As we head into 2021—a question for our community leaders and key stakeholders keeps coming to mind. It is a question that we need to fundamentally answer if we want to change this epidemic’s course. For all that that we’ve seen, all that we’ve heard, my question remains: What does it mean to build equity, and how will it be now’s being achieved? How can we say black lives matter but provide fundamental structural changes that can be called to save black lives?
It should be a simple enough question set. Many organizations say they care about supporting equity and ending health disparities, but what does that mean on a fundamental level to their organizational structure? Do they have metrics by which to evaluate themselves? Who decided that those metrics were the right indicators to track? Are these markers connected to true stakeholders who would benefit from a change in their resource allocations? Have they found opportunities to support employee growth and positions within the organization, allowing them to build the skills and abilities necessary to lead and give back to communities? Organizations should be working to develop emerging leaders.
We have not forgotten the promises you’ve broken, the vows left undone, and the realities that not much has changed. 2021 is going to be a challenging year. However, It’s also a chance for opportunity. Members of the Black community, Latinx community, the native community, those of Asian descent, the immigrant community, the southeast Asian community, the Middle Eastern community, and many more have been out of the promise of maximal health outcomes. They have not forgotten the promises you have made and the declarations you’ve offered.
This past June, many of you signed on the statements and made calls of support and solidarity towards the call that Black Lives Matter. The Black Lives Matter movement is making an empirical claim on resources and power. This comes with the fundamental understanding that we have to shift the way we engage with the Black community and the greater community of people of color. The expectation is for more than performative window dressing to release a press statement or put up a banner. Legitimate resources must be allocated. A defined scope of work with related actionable activities informed by the community you are trying to serve must be established. This to work requires that we learn to build mutual power. And given our current political situation, we are where building equity and power should be a fundamental guiding principle and pillar of every organization’s development plan.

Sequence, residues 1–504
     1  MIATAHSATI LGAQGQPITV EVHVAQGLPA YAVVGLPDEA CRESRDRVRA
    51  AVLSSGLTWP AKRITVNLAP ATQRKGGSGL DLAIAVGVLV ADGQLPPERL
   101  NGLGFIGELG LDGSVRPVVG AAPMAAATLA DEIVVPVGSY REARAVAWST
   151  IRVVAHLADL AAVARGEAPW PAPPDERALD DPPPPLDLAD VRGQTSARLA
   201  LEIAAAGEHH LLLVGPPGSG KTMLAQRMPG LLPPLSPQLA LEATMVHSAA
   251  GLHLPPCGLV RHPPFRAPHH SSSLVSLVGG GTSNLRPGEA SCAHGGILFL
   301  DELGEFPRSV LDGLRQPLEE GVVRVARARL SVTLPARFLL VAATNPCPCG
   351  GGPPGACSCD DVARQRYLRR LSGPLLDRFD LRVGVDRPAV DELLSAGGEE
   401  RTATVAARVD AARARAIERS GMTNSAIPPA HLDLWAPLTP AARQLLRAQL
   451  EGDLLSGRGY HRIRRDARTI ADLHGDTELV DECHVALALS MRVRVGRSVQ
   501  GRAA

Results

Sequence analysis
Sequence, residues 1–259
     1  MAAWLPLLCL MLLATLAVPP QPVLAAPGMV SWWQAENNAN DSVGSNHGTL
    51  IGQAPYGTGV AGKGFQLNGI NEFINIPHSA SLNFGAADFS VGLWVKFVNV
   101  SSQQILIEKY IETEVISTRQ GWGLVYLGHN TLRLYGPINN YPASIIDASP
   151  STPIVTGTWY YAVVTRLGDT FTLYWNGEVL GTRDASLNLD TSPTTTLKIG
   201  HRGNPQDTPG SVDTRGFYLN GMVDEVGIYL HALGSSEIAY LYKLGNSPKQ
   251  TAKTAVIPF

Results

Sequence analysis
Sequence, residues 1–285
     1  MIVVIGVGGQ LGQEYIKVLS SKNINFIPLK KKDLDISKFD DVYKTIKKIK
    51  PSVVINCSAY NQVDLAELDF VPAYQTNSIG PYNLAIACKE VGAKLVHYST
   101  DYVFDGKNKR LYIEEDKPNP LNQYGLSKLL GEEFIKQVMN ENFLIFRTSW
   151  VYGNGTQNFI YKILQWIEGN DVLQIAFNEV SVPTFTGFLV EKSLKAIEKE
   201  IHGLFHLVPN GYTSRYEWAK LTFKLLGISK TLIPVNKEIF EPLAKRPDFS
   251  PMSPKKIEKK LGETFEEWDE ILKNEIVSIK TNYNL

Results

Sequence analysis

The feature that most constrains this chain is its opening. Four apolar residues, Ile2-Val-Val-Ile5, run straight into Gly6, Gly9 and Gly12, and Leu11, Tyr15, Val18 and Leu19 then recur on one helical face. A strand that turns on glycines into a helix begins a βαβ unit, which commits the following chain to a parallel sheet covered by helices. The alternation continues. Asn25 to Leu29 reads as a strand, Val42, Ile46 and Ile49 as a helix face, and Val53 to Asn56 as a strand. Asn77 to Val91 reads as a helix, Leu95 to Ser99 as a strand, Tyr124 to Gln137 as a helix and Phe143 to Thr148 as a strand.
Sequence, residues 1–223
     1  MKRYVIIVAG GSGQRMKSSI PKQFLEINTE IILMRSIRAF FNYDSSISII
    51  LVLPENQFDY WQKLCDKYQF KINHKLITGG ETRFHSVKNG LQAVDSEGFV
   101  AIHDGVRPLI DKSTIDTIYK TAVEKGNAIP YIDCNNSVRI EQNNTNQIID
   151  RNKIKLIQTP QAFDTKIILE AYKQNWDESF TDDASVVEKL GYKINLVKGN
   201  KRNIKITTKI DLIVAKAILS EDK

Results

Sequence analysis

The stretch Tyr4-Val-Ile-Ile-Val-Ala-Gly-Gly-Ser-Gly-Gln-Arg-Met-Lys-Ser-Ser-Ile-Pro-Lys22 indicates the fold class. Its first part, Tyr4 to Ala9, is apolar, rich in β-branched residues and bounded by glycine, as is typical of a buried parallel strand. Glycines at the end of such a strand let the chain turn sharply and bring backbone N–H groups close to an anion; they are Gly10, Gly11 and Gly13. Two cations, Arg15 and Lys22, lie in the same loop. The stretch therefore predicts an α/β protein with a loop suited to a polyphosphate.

It is no longer enough to say that we care about equity. If we will see an end to the epidemic, it requires organizations to invest in the very people who have been left behind, forgotten, pushed out, and ignored. Tangible steps must be taken, with measured reports and dialogue, and reported to the communities to dialogue with.
As 2020 comes to a close, you should have metrics or evaluation tools demonstrating what you have done to show that Black Lives matter to you.
2021 should be a year when we start to retire the singular focus of understanding health disparity. For the last 5 to 10 years, far too much time has been spent working to understand the disparity. Instead, we should be talking about what equity investments we have made and will make to build equity in historically marginalized communities. Hell, we will support the people who put their bodies on the line for our country, for our democracy, for their very lies—there must be a shift in the balance of power.
Do not let your conversation stop at ending the epidemic. To do so is to think too small. 2021 has helped lay bare the implications of people not participating in not getting the resources and things they need to live a fair and balanced life. Instead, let’s think about how we will build equity and ensure that claims to support black lives are met with tangible and measurable metrics that can be tracked over time.
I ask you to think about the spaces in which you show up in how you show up, and what you’re doing to make sure the spaces include. The allocation of resources must be fundamentally different. As we head into a new year with a new administration, we have a unique chance to think about not just what we’ve lost. And not just the pain we’ve endured but the opportunity that stands before us—the ability to create something that we could never have dreamed of in our current structuring. We have never seen a world where equity drives the conversation. And that alone is a fundamental shift we need to move us forward.